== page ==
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Lancet publication

Increasing low birth-weight baby survival with community-initiated Kangaroo Mother Care

A team of CISMAC researchers has published the results of CISMAC’s first and largest randomized control trial in The Lancet.

high tech neonatal unit
Conventional care for LBW babies is costly and requires highly skilled personnel and expensive technical infrastructure, including incubators.


The Principal Investigators are Sarmila Mazumder and Sunita Taneja, both from the Society for Applied Studies, India. CISMAC Director, Halvor Sommerfelt, is a co-Principal Investigator. Read their article in The Lancet.


Why focus on LBW infants?

Low birth weight (LBW) babies face severe challenges. They not only have a very high risk of dying in their first month of life (the newborn period), but many of them also experience impaired growth and development. Helping LBW babies survive and thrive contributes substantially to improve overall child survival, because close to 50% of all child deaths happen in the newborn period.

Conventional care for neonatal LBW babies is costly and requires highly skilled personnel and expensive technical infrastructure, including incubators. The WHO identified starting Kangaroo Mother Care (KMC) in birth facilities as being one of the most promising interventions for promoting neonatal survival, particularly in low-resource situations. However, it was not known before this CISMAC study, whether KMC could be effectively initiated in homes. Furthermore, despite the WHO recommendation, KMC is still not provided to LBW in many health facilities in low- and middle-income countries (LMIC).


Can KMC be initiated at home?

A team of researchers in India, encouraged by the positive effects of KMC in health facilities, decided to undertake a very large study to see if these effects could also be achieved if KMC was started in communities, in the homes of women who had given birth to LBW babies or were sent back home too early after having given birth in hospitals. Read more about the study.

Over a period of 3 years in Haryana, India, the researchers undertook an individually-randomized, controlled, unmasked, parallel-group, superiority trial involving over 8,400 LBW babies who were followed at home for the first 6 months of their lives. Those in the intervention arm of the trial were visited frequently during the first week, when mothers were helped to start KMC. This was compared to the routine care given to the mothers and babies in the control arm of the trial. The results showed that community-initiated Kangaroo Mother Care (ciKMC) substantially improved survival not only in newborns, but even up to 6 months of age.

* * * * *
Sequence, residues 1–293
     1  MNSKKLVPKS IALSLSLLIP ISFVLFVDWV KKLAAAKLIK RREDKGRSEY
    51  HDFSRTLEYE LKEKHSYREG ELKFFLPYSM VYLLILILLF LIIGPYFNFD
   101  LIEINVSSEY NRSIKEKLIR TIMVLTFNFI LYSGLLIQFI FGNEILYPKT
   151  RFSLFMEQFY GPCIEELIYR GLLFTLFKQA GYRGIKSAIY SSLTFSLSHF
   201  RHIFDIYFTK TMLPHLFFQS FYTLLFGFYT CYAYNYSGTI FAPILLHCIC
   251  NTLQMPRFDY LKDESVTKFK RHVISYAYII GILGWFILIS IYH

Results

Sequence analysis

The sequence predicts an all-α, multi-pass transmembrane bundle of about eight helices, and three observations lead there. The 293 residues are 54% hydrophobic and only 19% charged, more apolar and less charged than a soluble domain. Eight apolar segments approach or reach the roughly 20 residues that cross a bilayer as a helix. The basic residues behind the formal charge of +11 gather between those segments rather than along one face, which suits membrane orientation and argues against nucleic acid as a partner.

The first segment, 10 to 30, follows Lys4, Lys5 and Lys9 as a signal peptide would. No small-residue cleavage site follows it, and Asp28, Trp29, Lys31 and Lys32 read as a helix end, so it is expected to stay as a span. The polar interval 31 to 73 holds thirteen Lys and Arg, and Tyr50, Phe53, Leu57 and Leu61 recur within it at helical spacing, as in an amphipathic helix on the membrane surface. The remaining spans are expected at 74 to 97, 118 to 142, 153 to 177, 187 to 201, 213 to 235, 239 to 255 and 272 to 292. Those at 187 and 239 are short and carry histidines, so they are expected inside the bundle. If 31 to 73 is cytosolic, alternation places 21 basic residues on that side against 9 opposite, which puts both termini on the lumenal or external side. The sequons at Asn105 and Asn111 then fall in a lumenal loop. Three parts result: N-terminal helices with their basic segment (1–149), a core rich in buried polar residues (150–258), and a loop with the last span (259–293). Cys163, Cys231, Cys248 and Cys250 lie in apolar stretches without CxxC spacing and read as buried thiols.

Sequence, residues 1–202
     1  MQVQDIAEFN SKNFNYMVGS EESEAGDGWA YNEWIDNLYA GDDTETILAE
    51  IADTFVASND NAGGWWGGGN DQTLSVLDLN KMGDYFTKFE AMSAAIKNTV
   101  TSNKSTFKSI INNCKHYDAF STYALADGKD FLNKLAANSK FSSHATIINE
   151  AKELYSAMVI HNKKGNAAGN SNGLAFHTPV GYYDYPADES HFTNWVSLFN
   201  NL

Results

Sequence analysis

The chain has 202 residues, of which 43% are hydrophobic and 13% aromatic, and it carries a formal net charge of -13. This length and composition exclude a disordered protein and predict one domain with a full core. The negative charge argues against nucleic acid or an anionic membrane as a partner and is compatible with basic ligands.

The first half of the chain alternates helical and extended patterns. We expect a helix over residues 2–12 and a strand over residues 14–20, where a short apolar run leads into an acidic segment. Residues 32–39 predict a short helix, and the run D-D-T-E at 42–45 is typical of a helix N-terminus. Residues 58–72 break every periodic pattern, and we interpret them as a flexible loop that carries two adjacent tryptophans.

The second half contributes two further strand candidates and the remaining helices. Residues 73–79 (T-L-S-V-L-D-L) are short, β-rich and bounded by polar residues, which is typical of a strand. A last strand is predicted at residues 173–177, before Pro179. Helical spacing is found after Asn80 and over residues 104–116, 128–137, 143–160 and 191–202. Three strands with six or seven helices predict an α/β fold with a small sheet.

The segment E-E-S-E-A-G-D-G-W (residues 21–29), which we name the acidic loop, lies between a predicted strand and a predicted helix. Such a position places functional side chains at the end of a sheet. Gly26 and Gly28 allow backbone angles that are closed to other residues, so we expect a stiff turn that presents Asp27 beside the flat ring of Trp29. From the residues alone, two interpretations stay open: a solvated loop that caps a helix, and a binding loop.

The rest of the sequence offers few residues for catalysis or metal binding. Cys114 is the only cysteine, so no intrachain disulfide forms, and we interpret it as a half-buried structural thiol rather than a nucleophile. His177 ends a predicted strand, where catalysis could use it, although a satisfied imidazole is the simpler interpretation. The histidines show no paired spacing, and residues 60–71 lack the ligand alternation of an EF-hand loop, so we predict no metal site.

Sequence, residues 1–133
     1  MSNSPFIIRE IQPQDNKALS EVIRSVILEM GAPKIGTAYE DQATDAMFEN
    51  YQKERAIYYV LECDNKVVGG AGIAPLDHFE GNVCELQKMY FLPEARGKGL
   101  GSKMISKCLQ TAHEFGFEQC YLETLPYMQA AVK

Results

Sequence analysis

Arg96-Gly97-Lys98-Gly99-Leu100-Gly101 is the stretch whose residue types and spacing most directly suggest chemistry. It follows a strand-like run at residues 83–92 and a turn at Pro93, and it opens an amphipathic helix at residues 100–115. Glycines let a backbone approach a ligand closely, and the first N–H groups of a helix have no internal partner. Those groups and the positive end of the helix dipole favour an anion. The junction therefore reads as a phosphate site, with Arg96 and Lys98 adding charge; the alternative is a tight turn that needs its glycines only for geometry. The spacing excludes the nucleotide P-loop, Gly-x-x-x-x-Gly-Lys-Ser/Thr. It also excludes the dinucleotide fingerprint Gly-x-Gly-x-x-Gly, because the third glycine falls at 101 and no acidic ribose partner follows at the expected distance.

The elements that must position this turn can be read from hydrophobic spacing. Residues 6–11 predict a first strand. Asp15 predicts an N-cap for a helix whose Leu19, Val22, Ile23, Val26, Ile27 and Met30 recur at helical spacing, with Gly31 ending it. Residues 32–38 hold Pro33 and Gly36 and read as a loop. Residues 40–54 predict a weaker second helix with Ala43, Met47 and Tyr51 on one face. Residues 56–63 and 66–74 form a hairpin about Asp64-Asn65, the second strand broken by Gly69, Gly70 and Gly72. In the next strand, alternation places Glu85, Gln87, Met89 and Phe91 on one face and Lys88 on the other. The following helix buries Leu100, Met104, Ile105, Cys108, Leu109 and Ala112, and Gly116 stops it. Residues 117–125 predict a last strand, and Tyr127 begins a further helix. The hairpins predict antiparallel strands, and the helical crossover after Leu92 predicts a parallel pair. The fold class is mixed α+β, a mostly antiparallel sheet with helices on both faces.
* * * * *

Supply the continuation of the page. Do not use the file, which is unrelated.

Implementing ciKMC to substantially reduce neonatal and infant mortality in LMIC

Although increased focus on mother and child health since 1990 has substantially improved survival in children under 5 years of age, this improvement has not been as impressive for the newborn babies. The situation is worse in many LMIC, where there are not enough specialised facilities and trained personnel. KMC has been included in the list of priorities for newborn health research in the period 2015-2025. It is low-cost, highly acceptable and has now been shown to be effective when expanded to babies born at home or discharged early from the facility where they were born.

In this trial, led by Nita Bhandari’s team at the Centre for Health Research and Development, Society for Applied Studies, New Delhi, India, the results clearly demonstrate that ciKMC substantially improves the survival of LBW babies. ciKMC also promotes exclusive breastfeeding, with its ensuing benefits. KMC supports greater intimacy and bonding, and thus probably increasing the focus of the mother and family on the small infant’s wellbeing. The mothers in the ciKMC group also had greater family support than might be common, and this is also likely to be beneficial for both mother and baby. Finally, ciKMC promoted healthy weight gain among the newborns and young infants.



Previous studies had shown that KMC should be initiated in health facilities for stable LBW babies as soon as possible after birth, and should be given for as many hours as possible right through the newborn period. This study expands our knowledge, showing that, similar benefits are seen when KMC is started at home.  It tells us that, irrespective of place of birth or initiation, KMC can substantially reduce neonatal and infant mortality among stable LBW babies.


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